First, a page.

Monday, I went to the first event for Science Online Seattle. I had seen a tweet last week about it and signed up on a lark. I wasn’t even sure I would go — it doesn’t seem necessarily like something for a non-scientist. I was encouraged to go when I realized that someone I already knew was going. Still, it’s a little strange to show up in a law school classroom (very nice classroom with outlets at every seat!) to a room full of strangers that you are under the impression are all Awesome Scientists. Fortunately, most of the discussion was about how to make science more accessible and useful to researchers, journalists and “laymen” alike. The livestream is available online so I won’t try to summarize all the points. The twitter #sosea hashtag has a lot of side discussion and comments.
### Engaging the Public
One topic1 brought up was that researchers in government agencies often can’t be open about what they are working on — strict public relations policies and risk aversion means that there’s little incentive to, for example, keep a blog of a research trip. One person even joked that no one wants pictures of a researchers having fun because a Congress person will see it and complain about wasting taxpayer money! Another issue brought up was how certain scientific questions (e.g. climate change) are extremely politicized. Another common theme was funding — crowd funding was brought up as an alternative to traditional methods (government funding is getting tighter) and specifically the new site Microryza which, in short, is Kickstarter for researchers2. The game Foldit is harnessing human minds to solve problems and lets non-scientists participate in science. Half the talk of the night was how to engage the public.
If you’ve read previous posts, you know that I care a lot about the public not being (mis-)led by fearful information about science. That hypothetical Congress person can only criticize researchers having fun on a trip if her constituents believe that narrative. But they won’t find it a meaningful narrative if it’s a common pastime for “normal people” to follow researchers groping with hard questions or posting neat pictures of the fruits of research. Climate change science “scandals” wouldn’t be so scandalous if people engaged more with scientific questions and the inherent ambiguity of results.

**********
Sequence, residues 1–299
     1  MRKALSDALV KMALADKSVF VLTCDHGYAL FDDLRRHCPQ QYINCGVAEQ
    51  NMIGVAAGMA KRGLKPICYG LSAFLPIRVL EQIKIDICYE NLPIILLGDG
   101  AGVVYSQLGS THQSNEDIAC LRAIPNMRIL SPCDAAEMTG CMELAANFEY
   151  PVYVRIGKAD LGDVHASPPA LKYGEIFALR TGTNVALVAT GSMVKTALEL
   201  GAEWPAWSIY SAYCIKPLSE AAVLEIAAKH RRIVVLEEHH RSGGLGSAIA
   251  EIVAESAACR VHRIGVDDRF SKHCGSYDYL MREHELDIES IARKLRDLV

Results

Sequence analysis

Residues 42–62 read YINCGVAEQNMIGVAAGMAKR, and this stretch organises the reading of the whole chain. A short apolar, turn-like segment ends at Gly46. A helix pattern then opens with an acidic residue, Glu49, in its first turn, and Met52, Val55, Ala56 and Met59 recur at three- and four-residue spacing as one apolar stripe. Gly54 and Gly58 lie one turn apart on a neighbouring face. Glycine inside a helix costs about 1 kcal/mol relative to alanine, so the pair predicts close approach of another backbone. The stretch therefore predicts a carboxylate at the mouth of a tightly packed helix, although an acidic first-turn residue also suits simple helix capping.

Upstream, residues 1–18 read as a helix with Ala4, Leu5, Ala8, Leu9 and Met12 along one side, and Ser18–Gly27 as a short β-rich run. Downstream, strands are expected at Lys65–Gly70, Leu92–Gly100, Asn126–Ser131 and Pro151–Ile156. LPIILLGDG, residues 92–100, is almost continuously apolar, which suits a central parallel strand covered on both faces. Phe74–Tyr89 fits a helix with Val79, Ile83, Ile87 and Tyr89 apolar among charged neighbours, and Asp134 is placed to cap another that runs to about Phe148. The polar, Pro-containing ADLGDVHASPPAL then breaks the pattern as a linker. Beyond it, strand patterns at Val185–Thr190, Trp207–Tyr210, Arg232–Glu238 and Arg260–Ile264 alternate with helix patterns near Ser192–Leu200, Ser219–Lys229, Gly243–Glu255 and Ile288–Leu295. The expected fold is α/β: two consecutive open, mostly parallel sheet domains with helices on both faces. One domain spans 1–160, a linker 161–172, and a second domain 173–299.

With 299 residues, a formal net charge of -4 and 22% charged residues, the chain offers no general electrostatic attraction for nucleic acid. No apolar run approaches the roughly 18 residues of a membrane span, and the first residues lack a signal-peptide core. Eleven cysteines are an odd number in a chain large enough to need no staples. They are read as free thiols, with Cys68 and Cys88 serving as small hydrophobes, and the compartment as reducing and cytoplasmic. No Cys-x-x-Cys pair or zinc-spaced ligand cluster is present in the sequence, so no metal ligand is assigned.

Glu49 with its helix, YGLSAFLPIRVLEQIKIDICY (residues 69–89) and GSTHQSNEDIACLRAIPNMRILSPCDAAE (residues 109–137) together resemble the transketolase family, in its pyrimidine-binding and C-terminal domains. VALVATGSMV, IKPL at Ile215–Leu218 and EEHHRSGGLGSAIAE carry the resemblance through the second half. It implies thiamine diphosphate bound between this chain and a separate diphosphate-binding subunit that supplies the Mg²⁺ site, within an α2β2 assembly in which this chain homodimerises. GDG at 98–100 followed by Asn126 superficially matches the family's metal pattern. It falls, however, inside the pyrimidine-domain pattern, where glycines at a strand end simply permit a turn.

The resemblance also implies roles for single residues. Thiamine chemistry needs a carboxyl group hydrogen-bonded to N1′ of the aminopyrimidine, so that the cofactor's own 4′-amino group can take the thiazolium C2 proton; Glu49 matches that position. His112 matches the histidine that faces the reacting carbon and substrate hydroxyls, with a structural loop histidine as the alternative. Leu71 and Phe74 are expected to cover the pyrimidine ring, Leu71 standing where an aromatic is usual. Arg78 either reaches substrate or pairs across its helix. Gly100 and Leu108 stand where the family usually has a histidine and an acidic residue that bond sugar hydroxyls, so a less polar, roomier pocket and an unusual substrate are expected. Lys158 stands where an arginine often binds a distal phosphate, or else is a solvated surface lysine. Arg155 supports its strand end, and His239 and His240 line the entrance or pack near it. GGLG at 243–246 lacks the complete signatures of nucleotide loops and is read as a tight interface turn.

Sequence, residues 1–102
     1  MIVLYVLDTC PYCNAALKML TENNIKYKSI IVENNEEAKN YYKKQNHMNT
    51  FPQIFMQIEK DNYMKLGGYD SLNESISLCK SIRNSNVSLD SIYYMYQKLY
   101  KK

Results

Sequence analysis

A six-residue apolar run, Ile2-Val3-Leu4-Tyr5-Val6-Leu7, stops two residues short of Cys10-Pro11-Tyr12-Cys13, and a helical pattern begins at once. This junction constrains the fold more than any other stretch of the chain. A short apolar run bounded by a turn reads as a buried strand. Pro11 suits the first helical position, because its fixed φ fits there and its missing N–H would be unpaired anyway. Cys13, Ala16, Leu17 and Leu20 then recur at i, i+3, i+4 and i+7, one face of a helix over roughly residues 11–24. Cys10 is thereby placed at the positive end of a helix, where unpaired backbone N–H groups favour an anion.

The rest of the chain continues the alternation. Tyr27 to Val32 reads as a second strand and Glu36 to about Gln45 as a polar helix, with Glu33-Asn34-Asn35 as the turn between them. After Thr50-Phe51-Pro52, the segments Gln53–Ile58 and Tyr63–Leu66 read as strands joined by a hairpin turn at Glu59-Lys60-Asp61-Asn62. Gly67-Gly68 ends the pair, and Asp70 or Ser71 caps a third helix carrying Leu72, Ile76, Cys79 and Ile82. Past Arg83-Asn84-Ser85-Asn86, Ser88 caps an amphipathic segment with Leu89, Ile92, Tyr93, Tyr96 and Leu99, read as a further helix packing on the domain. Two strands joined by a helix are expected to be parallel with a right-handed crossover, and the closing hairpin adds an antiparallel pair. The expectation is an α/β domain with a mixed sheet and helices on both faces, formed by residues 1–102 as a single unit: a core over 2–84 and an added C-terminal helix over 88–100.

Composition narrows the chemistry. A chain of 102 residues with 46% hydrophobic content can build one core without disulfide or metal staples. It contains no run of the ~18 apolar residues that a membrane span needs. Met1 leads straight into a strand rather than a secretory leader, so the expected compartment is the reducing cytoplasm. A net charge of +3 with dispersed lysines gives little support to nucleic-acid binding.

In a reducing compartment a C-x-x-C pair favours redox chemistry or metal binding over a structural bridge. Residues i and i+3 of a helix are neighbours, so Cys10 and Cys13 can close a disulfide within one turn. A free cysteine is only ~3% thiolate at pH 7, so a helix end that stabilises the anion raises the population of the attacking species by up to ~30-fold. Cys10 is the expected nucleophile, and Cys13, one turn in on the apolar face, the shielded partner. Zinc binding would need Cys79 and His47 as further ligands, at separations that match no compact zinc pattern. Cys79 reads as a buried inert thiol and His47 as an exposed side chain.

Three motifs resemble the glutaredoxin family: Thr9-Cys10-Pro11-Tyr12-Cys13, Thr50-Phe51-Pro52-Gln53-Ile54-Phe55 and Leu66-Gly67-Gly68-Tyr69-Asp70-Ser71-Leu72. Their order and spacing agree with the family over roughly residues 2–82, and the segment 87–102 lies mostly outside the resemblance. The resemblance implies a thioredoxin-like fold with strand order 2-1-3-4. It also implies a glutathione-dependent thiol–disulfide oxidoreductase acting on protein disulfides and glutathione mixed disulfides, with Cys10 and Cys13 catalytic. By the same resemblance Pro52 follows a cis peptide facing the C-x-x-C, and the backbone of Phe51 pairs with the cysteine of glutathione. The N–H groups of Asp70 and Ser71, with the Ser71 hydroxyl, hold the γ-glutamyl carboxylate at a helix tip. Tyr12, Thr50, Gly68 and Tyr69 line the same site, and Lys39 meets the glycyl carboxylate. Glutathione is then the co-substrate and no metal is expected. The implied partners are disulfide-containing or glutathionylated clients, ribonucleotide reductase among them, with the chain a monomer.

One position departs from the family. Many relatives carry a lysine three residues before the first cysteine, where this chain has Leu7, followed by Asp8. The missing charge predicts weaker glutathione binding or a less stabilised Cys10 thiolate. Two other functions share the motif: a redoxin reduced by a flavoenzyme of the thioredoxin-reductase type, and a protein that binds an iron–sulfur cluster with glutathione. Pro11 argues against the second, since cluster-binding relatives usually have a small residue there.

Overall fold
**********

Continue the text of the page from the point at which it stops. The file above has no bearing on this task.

A Modest Suggestion
But how do you engage the public? Most people aren’t scientists or really have much training in it. Many think of scientists as a special priesthood. Some think that priesthood isn’t up to much good. But, in general, I think many people just feel disconnected from it: it’s not something “normal” people can be involved in. It’s too hard to understand. Non-experts can’t really judge.
The main products of research are journal articles. Many of them are essentially paid for by the public already. In any case, many are pretty freely available (though not enough!) “Gatekeepers” — journalists and scientists explaining new results — are useful to provide context and background. But that’s not enough.
Let us, the “layman”, actually read science articles! They are usually pretty short. Good ones are readable, even if you have to skip the statistics or spend a few minutes finding out what a word means. Bad ones often are confusing even ignoring the math. Exposure to the reasoning necessary to “prove” something exposes you to the complexity and ambiguity of science. Would people be so worried about the current scary health news story if they more often read the reviewed article and not just the overblown press releases? When the news claims the sky is falling but the journal article mentions only a small unexplained change with myriad possible explanations, would people worry so much? When an opinion piece doesn’t even link to good sources, would we pass it around credulously?
I realize it’s pretty optimistic to believe people (possibly with poor science and math basic education) would want to (or even be able) to read journal articles. I wouldn’t expect everyone to always go read the article that’s a source for the news. While I think even occasional article reading would improve how people view science, I don’t know how to get there. I just know that I get a lot out of them, even as a non-scientist3.
So, my non-scientist friends reading this, I hope you try reading a journal article sometime soon. It won’t be as mystifying as you think. Pick a topic you care about or a news story that worries you. Google the article title and you’ll probably find it. Feel free to skim it. Ask questions. Google the unknown words. Science is understanding the universe around you and that article is describing only a very, very tiny piece.
I’m not really going to try to attribute specific thoughts to individuals. In one case I remember who said it, but for the rest I don’t recall exactly. I might be able to figure it out from the livestream but I’ll inevitably get a bunch wrong. ↩
Though thankfully they don’t require projects to have concrete results. Research just doesn’t always go where you expect! ↩
An undergraduate “computer science” degree doesn’t make me a scientist or even terribly more educated about science than most. I only took one semester each of chemistry and biology which is no more than humanities and non-technical degree programs at my school. ↩